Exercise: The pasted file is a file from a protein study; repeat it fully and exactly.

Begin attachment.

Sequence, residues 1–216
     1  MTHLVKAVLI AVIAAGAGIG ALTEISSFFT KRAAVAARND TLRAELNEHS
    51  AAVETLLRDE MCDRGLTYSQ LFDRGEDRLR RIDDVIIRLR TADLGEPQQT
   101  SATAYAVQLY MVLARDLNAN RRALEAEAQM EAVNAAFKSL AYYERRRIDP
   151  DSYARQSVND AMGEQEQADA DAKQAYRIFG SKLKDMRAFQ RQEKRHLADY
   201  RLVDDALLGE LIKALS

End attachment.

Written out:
Sequence, residues 1–216
     1  MTHLVKAVLI AVIAAGAGIG ALTEISSFFT KRAAVAARND TLRAELNEHS
    51  AAVETLLRDE MCDRGLTYSQ LFDRGEDRLR RIDDVIIRLR TADLGEPQQT
   101  SATAYAVQLY MVLARDLNAN RRALEAEAQM EAVNAAFKSL AYYERRRIDP
   151  DSYARQSVND AMGEQEQADA DAKQAYRIFG SKLKDMRAFQ RQEKRHLADY
   201  RLVDDALLGE LIKALS